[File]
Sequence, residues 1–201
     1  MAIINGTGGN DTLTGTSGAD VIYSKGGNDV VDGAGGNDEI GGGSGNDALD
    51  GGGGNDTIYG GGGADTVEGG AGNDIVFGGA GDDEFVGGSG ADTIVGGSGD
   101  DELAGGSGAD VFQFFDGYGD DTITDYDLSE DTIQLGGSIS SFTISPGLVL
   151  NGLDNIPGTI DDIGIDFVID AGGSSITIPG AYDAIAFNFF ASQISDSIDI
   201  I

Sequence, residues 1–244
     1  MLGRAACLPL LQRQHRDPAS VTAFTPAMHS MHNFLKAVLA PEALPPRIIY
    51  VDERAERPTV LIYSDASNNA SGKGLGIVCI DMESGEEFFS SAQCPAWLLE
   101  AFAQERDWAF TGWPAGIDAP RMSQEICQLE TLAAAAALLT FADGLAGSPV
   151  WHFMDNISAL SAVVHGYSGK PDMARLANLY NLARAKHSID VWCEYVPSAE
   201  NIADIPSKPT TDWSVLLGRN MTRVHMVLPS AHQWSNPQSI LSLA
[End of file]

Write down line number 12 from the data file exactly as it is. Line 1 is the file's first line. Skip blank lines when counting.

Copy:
   201  NIADIPSKPT TDWSVLLGRN MTRVHMVLPS AHQWSNPQSI LSLA